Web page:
Turning waste into gold drugs

Image of green colored solutions in glass vials.

Enlarge (credit: Krisana Antharith / EyeEm)

Earth Day was April 22, and its usual message—take care of our planet—has been given added urgency by the challenges highlighted in the latest IPCC report. This year, Ars is taking a look at the technologies we normally cover, from cars to chipmaking, and finding out how we can boost their sustainability and minimize their climate impact.

Countless things we use in modern societies, from food to food containers, rely on industrial-scale chemistry. That chemistry often produces materials that aren’t useful to us—and in some cases, they’re hazardous or toxic. Not only are these materials wasteful, but paying to dispose of them safely can add to the costs of materials.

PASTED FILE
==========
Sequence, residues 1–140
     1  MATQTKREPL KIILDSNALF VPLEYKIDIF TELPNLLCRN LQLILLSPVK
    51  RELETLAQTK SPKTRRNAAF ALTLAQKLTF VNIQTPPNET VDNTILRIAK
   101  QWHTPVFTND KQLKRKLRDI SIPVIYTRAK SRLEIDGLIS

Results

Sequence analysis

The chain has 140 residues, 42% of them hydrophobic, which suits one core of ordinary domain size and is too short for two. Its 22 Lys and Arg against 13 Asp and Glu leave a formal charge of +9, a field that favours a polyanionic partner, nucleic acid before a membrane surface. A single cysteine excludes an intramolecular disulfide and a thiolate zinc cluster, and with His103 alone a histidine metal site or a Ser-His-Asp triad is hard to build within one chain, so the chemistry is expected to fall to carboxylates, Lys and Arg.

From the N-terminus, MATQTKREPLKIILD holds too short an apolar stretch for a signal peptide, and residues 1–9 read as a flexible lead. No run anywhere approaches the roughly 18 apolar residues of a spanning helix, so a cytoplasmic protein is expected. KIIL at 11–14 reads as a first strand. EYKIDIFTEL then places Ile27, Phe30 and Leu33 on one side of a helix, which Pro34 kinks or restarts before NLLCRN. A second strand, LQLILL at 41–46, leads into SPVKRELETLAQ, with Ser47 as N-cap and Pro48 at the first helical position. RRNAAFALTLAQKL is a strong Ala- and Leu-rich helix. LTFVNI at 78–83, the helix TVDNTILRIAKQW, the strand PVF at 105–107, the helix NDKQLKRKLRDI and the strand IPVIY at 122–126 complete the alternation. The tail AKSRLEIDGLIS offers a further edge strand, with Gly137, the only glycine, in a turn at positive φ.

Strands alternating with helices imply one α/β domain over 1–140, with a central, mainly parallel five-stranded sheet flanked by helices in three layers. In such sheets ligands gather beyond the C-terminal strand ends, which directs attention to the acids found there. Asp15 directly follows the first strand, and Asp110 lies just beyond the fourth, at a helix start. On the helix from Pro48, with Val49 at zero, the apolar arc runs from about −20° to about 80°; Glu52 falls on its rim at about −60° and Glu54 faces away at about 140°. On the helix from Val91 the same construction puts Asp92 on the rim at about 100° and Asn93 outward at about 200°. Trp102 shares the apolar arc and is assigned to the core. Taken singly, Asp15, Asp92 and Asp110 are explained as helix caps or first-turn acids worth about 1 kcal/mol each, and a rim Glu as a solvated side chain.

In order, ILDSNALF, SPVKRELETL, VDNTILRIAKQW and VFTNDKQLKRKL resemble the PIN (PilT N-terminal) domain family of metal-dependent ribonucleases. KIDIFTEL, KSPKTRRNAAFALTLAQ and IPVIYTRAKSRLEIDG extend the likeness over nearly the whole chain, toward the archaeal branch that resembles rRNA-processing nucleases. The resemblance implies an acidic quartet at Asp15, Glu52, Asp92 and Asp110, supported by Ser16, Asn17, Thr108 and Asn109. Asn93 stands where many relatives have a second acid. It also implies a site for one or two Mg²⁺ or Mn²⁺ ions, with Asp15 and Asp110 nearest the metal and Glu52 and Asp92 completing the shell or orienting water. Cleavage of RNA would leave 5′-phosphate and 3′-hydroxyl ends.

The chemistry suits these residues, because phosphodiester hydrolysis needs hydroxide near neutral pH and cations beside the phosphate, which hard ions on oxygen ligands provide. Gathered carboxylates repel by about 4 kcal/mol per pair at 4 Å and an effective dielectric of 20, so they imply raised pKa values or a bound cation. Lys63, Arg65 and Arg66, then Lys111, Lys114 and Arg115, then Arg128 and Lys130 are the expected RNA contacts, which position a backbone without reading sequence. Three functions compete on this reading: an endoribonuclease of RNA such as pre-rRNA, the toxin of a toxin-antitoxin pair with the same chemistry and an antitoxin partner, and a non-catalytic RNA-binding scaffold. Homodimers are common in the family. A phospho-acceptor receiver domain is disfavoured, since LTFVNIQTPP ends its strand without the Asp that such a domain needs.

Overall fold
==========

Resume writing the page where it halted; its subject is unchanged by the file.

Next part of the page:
Early developments in green chemistry have mostly focused on finding reaction pathways that limit the production of unwanted byproducts and the use of toxic solvents. But researchers are looking beyond that, trying to find ways to better integrate chemistry into a circular economy, where source materials are either sustainable or recycled.

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